popularlibrary

Mariinsky Symphony in C on YouTube

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To save people frustration, the Alexandrova-Tsiskaridze clip is no longer on YouTube, which is too bad, because she is simply wonderful there. It was pulled for copyright violation, no doubt, by request of The Trust.

I suspect that the Trust searches not only video websites for unauthorized postings, but probably discussion boards as well, to see if posters have found some that they've missed.

So far, though, they seem to have missed the K-M video. :helpsmilie:

Thanks much, emilienne, for the &fmt=18 hint.

A couple of weeks ago I typed in Suzanne Farrell on Youtube and much to my delight Afternoon Of A Faun came up with Suzanne partnered by Afshin Mofid. I was going to PM Farrell Fan the news when I returned from an errand a few hours later however by that time it was already gone!

Sorry Lou :clapping:

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Youtube has quietly added a higher quality function to most of their recent videos recently - I think all videos within the last 4-6 months or so will stream a higher quality version if you add the following command (without the inverted commas) to the end of your Youtube link: '&fmt=18'. Instead of streaming flash files, Youtube will instead serve up higher quality mp4 files - they're twice as big and two to three times as sharp.

OK, I'm a technological butterfingers. I tried adding the code to the end of the YouTube url, to the url for the individual video, and several other less obvious ways. None of them got me a bigger or clearer picture. Please, take pity on the maladroit. Exactly where and when do you add this code? Picture instructions and block printing would be appreciated. Thanks!

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I went back and checked on the ParadiseLost clip and it looks like a second generation copy (and here we thought the digital age would get rid of such things!), meaning that unfortunately the clip will not clear up anymore than the way it was originally posted.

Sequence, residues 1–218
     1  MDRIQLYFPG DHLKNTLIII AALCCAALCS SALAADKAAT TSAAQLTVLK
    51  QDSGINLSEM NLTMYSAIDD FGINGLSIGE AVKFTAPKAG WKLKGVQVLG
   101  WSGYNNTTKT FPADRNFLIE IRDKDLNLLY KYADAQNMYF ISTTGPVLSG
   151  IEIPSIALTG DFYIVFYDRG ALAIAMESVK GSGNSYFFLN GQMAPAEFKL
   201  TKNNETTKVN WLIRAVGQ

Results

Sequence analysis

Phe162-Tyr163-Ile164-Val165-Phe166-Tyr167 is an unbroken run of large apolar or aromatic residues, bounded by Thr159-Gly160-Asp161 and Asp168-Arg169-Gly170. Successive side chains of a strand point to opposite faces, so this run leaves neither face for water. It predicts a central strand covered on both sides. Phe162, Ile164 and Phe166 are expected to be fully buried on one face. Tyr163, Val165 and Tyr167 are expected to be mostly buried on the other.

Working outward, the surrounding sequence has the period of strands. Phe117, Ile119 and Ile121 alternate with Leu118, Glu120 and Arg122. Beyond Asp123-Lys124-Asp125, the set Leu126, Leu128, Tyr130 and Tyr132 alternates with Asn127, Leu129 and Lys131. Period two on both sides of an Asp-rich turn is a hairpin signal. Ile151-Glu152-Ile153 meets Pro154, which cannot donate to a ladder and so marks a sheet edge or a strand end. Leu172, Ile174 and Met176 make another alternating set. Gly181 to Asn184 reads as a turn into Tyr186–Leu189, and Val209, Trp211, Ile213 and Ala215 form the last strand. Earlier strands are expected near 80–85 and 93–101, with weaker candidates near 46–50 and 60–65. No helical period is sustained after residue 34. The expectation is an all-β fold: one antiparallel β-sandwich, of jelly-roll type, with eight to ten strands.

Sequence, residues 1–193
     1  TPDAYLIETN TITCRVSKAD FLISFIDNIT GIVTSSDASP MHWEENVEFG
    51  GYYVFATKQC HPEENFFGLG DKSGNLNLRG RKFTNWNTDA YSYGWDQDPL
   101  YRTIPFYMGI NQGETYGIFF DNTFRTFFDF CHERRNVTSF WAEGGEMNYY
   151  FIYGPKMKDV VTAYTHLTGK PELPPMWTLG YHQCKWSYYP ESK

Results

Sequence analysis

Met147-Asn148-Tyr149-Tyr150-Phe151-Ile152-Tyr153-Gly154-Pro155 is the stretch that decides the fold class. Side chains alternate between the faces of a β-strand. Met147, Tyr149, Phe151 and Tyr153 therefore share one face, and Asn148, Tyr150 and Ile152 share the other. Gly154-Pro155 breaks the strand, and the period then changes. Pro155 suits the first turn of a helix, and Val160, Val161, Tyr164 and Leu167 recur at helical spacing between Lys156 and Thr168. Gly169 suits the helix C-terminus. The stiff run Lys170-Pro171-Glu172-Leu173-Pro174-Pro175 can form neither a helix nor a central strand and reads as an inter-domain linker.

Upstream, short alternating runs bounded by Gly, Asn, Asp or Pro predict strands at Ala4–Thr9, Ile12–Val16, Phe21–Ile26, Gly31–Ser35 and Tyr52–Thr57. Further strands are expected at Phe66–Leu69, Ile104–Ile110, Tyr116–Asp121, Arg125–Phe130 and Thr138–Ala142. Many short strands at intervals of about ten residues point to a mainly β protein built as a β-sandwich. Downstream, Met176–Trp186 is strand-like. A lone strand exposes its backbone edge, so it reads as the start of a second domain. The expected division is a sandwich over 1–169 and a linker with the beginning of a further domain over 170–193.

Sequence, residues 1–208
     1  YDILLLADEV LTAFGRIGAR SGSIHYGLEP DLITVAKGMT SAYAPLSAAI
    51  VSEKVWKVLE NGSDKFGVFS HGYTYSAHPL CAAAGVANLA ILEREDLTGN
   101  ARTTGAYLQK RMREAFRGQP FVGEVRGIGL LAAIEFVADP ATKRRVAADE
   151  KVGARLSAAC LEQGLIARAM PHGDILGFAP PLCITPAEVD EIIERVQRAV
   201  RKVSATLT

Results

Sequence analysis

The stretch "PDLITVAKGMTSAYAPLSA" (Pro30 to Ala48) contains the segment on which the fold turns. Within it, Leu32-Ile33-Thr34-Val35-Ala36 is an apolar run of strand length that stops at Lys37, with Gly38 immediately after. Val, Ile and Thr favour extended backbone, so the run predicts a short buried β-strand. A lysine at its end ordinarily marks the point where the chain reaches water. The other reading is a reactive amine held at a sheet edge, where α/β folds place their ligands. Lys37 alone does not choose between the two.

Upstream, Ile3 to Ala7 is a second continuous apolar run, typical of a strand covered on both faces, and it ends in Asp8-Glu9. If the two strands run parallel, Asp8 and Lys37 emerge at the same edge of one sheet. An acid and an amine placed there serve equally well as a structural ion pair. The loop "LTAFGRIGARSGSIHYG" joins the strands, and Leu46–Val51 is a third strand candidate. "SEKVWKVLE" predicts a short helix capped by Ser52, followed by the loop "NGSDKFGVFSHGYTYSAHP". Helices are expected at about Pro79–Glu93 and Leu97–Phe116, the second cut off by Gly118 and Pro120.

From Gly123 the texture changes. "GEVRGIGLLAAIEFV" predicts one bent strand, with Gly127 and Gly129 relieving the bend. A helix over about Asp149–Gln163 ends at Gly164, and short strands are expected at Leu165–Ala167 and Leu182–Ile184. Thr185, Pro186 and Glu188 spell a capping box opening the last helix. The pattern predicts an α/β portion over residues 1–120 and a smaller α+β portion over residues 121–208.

However, if you try it on some other clip...(sorry for the gratuitous linking), say...a clip of Lezhnina being coached in Sleeping Beauty by Kolpakova before her debut (here)...compare to the same clip presented in higher quality here. Kolpakova's eyebrows are considerably clearer.

popularlibrary, you are most likely appending the command correctly (remember, add &fmt=18 to the END of your Youtube link), but it really depends on the quality of the clip in question. Most people upload higher quality clips to Youtube than you would think - Youtube then reconverts the clips to a lower quality to save on bandwidth.

Edited to say that Youtube has added a link at the bottom of the video screen to indicate whether you can indeed change between standard and high quality video for a particular clip. The screen icon is orange for standard quality and black for high. HOWEVER, the high quality clips are still nowhere as good as the mp4 clips that you will obtain by appending the command '&fmt=18'. :)

Youtube has quietly added a higher quality function to most of their recent videos recently - I think all videos within the last 4-6 months or so will stream a higher quality version if you add the following command (without the inverted commas) to the end of your Youtube link: '&fmt=18'. Instead of streaming flash files, Youtube will instead serve up higher quality mp4 files - they're twice as big and two to three times as sharp.

OK, I'm a technological butterfingers. I tried adding the code to the end of the YouTube url, to the url for the individual video, and several other less obvious ways. None of them got me a bigger or clearer picture. Please, take pity on the maladroit. Exactly where and when do you add this code? Picture instructions and block printing would be appreciated. Thanks!

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It's quite interesting to contrast the articulation of movements and tempi between the two Russian troupes. One does le Palais de Cristal and the other the Great White Abstraction (land ho!) and they could be doing two completely different ballets.
Excuse me for picking a nit, and I don't mean to contradict your very valid point, but there are significant and obvious differences in the choreography of P de C and S in C -- notably in the second and esp. third mvts. Slower tempi and color coding are not the only distinctions between the two.

While I like the Kirov's costumes qua costumes, they don't produce the intended effect -- the stage full of color as in POB's old production -- or at least as rendered by YouTube. If K-M wanted to use color, they should have gone all the way and not diluted the picture by mixing white with the colors.

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Thanks, PeggyR and carbro, for your suggestions re Yahoo. I suspect my problem is bigger than that, however. I've just downloaded an update of AVG and have noticed that I seem to have been given a big more protection from the unexpected than I wanted. Just have to figure out how to get rid of the barriers I don't want and keep those I need.